In the  town of Karajan – that scraped a paltry existence through the crafts of spinning and weaving –  there once lived a man with seven sons who the Shahnameh tells us was called Haftvad. Now the strangest thing about Haftvad was that he had no name, Haftvad simply means “The Man with Seven Sons”.

So, Haftvad had no name and neither did his sons. But the strangest thing is that Haftvad also had a daughter, and he took no notice of her. He took notice of his singular beautiful daughter, the most important person in this story. Haftvad’s daughter, who also has no name. Haftvad’s only daughter,  his one daughter, his first, his number one, his prima. And because I think she deserves better than to be nameless, I shall call her Alif, like the first letter of the  alphabet.

The people of Karajan lived in a state bordering on poverty. And like his neighbours, Haftvad made a living in the town, a small living, more than just surviving, but not much more.  It was a poor but cheerful town.

The people worked hard, carding and spinning and weaving the most exquisite fabrics.  Even the children worked hard. The boys spent their nights high in the mountains with their herds, or days in the fields tending fibrous crops. And each day, from early in the morning the girls, the unmarried maids of the town, tramped out into the hillsides, with their heavy distaffs and their bales of wool, and they  spent their day on the hillside, spinning, not returning until nightfall, laden with skeins of yarn. These were poor resourceful girls who were able to spin most anything into thread of some kind. They could spin cotton, linen, stinging nettles, hemp, , they would spin sheeps wool, goats wool, rabbits wool and when they could get it – they would spin the finest, beautifulest, most sought after yarn of all, from the wool of a worm.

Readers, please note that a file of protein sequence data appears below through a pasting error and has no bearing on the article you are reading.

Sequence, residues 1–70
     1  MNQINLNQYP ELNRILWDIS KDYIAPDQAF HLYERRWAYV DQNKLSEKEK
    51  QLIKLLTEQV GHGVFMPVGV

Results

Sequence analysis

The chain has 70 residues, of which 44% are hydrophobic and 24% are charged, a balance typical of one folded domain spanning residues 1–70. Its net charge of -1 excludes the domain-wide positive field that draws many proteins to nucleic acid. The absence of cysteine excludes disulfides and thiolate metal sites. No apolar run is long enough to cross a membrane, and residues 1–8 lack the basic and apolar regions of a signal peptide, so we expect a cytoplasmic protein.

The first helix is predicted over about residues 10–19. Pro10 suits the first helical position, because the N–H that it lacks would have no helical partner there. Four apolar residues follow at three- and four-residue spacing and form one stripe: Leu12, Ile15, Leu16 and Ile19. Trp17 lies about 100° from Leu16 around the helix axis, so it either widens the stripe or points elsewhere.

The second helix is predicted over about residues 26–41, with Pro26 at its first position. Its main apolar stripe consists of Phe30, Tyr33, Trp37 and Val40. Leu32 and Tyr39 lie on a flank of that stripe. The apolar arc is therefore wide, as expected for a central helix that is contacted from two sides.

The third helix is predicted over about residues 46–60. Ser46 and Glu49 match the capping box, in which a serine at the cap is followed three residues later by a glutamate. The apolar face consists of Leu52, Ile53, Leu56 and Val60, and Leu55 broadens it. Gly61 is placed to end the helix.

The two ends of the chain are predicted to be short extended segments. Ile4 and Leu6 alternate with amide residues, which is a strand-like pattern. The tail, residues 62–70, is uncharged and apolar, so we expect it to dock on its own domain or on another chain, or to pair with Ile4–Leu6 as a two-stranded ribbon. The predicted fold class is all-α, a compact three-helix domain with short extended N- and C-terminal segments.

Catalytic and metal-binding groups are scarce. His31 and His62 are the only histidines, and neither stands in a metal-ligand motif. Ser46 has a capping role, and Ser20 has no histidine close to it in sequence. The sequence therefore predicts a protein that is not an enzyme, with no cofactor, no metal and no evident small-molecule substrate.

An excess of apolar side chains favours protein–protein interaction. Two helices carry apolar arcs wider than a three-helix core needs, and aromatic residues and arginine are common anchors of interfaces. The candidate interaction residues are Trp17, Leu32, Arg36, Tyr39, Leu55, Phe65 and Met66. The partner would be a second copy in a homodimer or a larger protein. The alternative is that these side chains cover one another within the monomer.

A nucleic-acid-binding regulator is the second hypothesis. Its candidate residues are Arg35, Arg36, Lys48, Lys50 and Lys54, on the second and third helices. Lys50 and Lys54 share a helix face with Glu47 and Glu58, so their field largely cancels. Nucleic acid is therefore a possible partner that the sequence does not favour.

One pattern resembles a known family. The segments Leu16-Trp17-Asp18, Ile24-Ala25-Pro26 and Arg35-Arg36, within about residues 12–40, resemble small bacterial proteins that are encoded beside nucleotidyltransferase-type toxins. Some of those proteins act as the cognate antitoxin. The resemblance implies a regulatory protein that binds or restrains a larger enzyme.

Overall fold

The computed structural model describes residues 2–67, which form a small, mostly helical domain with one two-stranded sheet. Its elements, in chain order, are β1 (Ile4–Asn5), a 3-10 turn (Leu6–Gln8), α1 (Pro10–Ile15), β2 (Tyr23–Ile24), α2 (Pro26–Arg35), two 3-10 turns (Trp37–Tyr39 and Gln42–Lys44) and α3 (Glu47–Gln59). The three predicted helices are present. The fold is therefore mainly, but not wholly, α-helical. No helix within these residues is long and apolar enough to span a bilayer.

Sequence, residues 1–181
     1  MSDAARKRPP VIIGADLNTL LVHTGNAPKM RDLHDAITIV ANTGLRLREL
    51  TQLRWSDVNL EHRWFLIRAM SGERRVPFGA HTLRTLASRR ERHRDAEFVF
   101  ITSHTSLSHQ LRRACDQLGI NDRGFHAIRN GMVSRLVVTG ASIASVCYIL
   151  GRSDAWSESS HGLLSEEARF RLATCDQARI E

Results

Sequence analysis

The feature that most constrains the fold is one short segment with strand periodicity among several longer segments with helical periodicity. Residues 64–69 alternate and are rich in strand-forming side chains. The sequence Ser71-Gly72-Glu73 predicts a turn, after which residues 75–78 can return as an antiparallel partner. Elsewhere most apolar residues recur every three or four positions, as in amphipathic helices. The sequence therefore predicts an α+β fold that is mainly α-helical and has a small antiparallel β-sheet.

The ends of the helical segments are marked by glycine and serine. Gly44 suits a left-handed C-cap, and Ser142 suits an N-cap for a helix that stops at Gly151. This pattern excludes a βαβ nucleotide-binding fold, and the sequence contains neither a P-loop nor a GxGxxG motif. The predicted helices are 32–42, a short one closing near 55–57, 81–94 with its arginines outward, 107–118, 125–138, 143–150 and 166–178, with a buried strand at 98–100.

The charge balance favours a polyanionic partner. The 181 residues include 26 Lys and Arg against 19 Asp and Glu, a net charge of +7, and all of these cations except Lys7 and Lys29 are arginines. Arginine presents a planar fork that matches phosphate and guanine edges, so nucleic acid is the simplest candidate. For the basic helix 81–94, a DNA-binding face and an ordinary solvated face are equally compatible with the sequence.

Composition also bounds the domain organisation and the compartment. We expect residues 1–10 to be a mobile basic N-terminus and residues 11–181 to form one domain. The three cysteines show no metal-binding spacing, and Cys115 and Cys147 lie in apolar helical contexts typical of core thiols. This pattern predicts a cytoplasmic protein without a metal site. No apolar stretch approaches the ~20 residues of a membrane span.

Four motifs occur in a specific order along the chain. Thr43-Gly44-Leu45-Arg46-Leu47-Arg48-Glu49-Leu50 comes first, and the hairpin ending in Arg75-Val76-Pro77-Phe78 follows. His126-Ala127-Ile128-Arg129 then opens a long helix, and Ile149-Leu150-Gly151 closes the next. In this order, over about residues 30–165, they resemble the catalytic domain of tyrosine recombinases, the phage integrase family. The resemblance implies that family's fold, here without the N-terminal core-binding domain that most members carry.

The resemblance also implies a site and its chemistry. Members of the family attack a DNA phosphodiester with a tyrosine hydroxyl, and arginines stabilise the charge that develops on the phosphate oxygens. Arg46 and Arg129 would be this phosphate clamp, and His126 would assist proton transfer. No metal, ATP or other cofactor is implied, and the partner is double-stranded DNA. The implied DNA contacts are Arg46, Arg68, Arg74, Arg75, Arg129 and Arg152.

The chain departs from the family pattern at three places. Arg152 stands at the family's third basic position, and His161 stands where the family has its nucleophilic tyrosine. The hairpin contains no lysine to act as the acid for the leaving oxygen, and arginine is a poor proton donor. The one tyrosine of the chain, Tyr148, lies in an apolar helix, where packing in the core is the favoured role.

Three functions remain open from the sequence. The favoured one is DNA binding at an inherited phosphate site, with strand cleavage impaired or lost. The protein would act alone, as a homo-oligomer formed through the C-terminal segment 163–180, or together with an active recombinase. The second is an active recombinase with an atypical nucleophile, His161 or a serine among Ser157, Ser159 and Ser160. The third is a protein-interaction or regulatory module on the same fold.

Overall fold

girls spinning illustration from Ferdowsi’s Shahnameh

The thread the girls spun was taken down into the town at nightfall and stored to be weaved into long bolts of fine cloth by the rest of the townsfolk.